Jane Jacobs has been a profound influence on architects, planners and urban designers since her first book, the Death and Life of American Cities. She is also an icon in the architectural preservation movement, which has led some to complain that she is the patron saint of NIMBYs. Even in her birthday tribute today, Libby Nelson of Vox writes:
Her love for old buildings can turn into a fetishization of historic preservation that stops new construction to help keep down housing prices. A belief that the community should get a say in development can turn into NIMBYism that protects existing residents' rights by barring newcomers.
Another trope about her work is that the Greenwich Village that she helped save and places like it are now ossified and expensive, and that as Ed Glaeser put it, "An absolute victory for Jacobs means a city frozen in concrete with prices that are too high and buildings that are too low."
But Richard Florida talked to Jane about this, about the gentrification of New York's SoHo district, where the once diverse local economy "with manufacturers, artists, craftspeople, shop-owners, and whatnot - was replaced by a homogeneous, mall-like commercial corridor." Florida writes in the Atlantic in 2010:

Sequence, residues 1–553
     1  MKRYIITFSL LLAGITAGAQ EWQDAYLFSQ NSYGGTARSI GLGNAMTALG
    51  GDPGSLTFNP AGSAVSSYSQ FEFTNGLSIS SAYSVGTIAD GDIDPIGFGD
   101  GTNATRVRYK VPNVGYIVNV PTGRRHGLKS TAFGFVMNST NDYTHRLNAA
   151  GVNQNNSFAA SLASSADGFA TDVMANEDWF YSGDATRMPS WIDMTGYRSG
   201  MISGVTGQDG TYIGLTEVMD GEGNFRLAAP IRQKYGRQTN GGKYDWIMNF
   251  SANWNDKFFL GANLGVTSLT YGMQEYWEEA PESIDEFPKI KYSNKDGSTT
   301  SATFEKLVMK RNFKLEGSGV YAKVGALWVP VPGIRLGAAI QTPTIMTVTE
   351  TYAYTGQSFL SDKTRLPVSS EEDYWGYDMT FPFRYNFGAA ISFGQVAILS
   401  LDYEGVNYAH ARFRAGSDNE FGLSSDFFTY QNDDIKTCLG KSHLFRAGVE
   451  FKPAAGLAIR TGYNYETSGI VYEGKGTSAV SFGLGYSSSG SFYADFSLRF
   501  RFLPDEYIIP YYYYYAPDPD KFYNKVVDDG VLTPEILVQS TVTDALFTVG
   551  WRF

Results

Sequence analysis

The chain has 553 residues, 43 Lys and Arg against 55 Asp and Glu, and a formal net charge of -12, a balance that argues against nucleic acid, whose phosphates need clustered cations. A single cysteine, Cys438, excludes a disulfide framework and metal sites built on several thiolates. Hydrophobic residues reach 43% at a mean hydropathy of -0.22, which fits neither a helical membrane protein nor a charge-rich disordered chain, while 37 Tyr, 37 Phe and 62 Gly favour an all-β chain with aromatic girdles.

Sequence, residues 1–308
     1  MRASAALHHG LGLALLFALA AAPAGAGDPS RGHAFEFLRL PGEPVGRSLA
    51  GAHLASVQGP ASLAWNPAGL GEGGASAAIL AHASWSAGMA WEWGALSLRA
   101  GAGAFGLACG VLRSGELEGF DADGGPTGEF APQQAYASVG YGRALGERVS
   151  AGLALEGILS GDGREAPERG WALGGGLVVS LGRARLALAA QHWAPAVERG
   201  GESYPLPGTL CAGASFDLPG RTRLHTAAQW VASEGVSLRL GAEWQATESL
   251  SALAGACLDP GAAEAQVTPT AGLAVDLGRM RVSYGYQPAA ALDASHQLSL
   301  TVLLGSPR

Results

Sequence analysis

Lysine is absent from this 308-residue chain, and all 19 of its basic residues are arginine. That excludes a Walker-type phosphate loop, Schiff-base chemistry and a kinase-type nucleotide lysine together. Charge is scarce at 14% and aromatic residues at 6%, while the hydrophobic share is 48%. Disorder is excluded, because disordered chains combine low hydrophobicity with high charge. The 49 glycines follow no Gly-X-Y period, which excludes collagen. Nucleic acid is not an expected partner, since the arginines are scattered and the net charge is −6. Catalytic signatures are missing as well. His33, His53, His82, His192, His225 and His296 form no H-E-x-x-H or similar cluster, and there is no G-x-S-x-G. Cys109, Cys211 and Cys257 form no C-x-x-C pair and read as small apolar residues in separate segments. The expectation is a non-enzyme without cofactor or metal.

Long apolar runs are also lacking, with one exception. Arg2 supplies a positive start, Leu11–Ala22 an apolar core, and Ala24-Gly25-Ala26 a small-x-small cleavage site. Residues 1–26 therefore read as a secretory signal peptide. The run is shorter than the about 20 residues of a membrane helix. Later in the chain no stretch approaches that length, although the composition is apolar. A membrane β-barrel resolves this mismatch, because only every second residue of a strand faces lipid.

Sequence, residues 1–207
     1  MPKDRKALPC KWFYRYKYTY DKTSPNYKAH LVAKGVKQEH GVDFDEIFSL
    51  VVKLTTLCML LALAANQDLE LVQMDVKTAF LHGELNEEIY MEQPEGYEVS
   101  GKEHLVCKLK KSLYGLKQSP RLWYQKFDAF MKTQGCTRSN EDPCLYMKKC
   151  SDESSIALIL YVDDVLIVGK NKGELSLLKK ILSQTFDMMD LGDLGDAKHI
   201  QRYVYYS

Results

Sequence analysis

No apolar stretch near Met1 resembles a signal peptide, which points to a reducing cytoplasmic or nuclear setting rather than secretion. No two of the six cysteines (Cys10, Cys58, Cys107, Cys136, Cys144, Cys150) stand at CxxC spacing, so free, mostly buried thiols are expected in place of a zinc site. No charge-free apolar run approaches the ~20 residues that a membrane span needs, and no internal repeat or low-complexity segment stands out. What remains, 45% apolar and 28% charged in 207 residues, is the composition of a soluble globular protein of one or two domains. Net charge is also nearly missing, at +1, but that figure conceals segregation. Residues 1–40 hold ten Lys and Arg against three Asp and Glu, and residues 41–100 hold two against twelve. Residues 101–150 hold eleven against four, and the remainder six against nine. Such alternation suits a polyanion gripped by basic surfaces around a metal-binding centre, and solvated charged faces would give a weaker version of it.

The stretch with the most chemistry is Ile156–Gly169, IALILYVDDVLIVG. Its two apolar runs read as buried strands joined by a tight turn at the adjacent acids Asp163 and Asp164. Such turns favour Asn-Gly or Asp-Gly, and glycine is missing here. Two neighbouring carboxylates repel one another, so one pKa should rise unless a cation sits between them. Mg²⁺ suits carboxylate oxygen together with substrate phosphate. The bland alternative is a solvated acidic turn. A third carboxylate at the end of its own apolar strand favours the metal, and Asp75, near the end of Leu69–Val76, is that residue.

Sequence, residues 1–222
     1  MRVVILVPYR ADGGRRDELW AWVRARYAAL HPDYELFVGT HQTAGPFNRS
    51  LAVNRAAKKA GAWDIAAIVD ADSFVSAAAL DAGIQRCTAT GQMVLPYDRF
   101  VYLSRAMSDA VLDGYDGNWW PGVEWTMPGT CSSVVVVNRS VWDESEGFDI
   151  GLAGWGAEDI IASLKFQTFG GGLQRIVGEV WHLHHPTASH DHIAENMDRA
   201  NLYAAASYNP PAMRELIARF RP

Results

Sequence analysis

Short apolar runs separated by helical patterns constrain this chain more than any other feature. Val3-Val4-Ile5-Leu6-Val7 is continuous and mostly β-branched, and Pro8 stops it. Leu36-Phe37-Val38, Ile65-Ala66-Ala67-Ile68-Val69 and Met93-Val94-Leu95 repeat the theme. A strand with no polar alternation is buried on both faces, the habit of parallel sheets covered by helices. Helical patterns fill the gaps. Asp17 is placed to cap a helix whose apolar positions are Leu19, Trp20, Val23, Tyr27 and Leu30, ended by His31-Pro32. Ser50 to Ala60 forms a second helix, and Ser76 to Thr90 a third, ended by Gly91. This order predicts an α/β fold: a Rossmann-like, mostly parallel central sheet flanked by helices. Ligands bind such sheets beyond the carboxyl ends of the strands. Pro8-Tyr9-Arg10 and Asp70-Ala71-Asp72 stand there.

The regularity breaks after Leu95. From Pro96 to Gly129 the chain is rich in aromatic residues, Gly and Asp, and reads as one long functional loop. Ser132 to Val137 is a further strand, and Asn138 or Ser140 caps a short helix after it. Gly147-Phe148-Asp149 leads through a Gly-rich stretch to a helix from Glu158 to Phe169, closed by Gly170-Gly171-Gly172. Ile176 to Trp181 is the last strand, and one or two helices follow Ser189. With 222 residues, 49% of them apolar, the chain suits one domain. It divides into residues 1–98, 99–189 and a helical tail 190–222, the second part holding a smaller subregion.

She went on to describe how cities have an amazing capacity to reorganize and reenergize themselves. The dulling down of one neighborhood, as the diversity of social and economic life was sucked out of it, would lead invariably to the rise of new, energized neighborhoods elsewhere in the city. And then in what remains my single favorite comment of hers - and the best single comment I have ever heard on the issue - she simply said: "Well, Richard, you must understand: when a place gets boring, even the rich people leave."
See all our Jane Jacobs related articles in related links below; here is a great outline of Jane's ideas from Jane's Walk. If you cannot read it get the bigger version here.